In preparation for An Event Apart Austin, I decided to revisit the guidelines and see if they still applied in light of browsers implementing the picture specification.
In particular, I was curious how much caution we should take when implementing solutions for responsive images. Last year, I wrote:
The one and only rule for responsive images: Plan for the fact that whatever you implement will be deprecated
Is that rule dated with the browsers standardizing on the picture specification?
I asked for some feedback from the responsive images community group on the risk of the specification changing and how much we should be hedging out bets.
Simon Pieters, who works for Opera, wrote:
It is also normal that the first shipping implementations are not perfectly compliant with the spec. For instance they might have implemented a slightly out of date algorithm and missed that something was changed, or simply have bugs. Then it is fixed in a future version and that might break your code if you only tested in one implementation.
This is no different from any other feature that is shipped on the Web. To avoid issues, test in multiple implementations and validate.
Should we still be hedging our bets a little?
No, that’s not necessary.
Now, a couple of people on the list responded that they have a large set of images on the sites they manage and centralizing image handling and markup still made sense. So perhaps it isn’t a rule, but still an idea that you should consider based on the scope of the site and the number of images involved.
I’ll leave the final word on the matter to Marcos Cáceres who played a critical role on the picture specification and works for Firefox, reassured me with these words:
Once it gets into the wild and people start using it, it can’t change. Thems is the golden rule of the Web.
Spec is stable and the browsers are coming this month – go forth and <picture> all the things! Make the web beautiful again :)
As Marcos says, go forth and <picture> all the things!
P.S. If you’re interested in more on this topic, join us at AEA Austin or AEA Orlando. You can use discount code ‘AEAGRIG’ to get $100 off your registration. I hope to see you there!
I’m embarrassed to admit it. I screwed up and if you tried to contact us over the last few months, there is a chance your message didn’t get through.
Specifically, messages sent via the contact form on our site weren’t always reaching us.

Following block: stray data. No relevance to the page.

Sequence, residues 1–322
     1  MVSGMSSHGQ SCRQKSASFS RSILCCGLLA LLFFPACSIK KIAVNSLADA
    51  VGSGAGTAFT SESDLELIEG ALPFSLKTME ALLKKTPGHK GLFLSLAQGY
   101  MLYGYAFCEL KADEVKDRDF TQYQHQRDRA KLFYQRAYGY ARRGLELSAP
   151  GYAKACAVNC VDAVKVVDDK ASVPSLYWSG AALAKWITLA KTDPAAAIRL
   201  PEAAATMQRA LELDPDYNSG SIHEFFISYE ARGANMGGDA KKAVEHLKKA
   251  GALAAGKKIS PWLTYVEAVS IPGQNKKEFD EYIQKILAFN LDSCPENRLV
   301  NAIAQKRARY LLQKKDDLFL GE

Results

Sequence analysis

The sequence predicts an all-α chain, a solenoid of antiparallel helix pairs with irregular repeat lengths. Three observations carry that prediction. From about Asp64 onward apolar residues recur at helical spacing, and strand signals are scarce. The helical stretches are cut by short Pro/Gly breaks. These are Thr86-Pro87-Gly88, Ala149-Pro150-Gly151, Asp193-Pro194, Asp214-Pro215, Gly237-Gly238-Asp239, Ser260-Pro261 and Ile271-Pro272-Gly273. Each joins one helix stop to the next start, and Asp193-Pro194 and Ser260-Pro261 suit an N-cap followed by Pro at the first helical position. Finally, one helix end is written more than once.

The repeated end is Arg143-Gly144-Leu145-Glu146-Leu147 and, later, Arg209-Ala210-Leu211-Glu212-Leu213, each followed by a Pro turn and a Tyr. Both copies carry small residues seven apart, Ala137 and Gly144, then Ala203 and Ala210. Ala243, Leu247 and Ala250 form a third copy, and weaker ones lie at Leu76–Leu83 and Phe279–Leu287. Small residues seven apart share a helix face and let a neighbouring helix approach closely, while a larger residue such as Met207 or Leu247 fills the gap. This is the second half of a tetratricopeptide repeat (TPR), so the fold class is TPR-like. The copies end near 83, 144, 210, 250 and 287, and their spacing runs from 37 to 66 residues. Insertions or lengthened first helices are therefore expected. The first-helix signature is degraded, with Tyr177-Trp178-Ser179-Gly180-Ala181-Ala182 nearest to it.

In case this saves anyone else from making the same mistake, here’s what happened. We switched our mail to Google. Instead of having an email alias, we had to use a Google Group.
Everything seemed fine for a few months, but then at some point Google Groups decided contact form submissions were spam. And we didn’t have any moderators for the group.
I set up the Google Group so I must have screwed it up. Because things worked great for several months, we don’t know when the problem started and how many messages were missed.
The most painful part about screwing up something like this is that there is no way to know who you need to apologize to.
So if you tried to contact us and didn’t hear back, I’m very sorry. The contact form is fixed now. We’d love to hear from you.
Many years ago at a previous job, I was responsible for pushing our organization to adopt a new ticket tracking system. We decided to use an open source project called Request Tracker (RT).
This was before the days of Zen Desk and similar services. RT matched our requirements best. I worked with our sysadmins and engineers to get the software running and rolled it out to the organization.
It was a failure. People were openly swearing at RT, and I’m sure they were privately cursing me for forcing them to use it.
While I sympathized with the complaints, I felt hamstrung because RT was deployed on an underpowered server and we had not been allowed to modify the look and feel. Back then RT was a bit of a dog both from a performance and aesthetics perspective.
As I worked with engineering to secure better hardware and get someone to assist with the design, the number of grievances continued to pile up.
One conversation stands out to me. A member of the management team told me that the fact that customers couldn’t reset their password in RT was unacceptable and as long as that was true, we couldn’t use RT.
I listened to the objections and kept a list of the issues that were raised, but I kept my focus on making RT faster and more attractive.
A few months later we relaunched RT. It was met with skepticism, but to the credit of my colleagues, they gave me and it a second chance.
It wasn’t too long after the relaunch that previous skeptics were swearing by the system. One of the team members became the master of RT and made a bunch of process improvements that I would have never considered.
What happened to that list of complaints that I gathered? We didn’t address a single one of them. Passwords worked exactly as they did before.
We simply made RT fast and attractive.
I have a simple rule when it comes to user experience: when something is slow and ugly, nothing else matters.
Until you address those two issues, you’re not going to be tell whether other complaints are real or red herrings.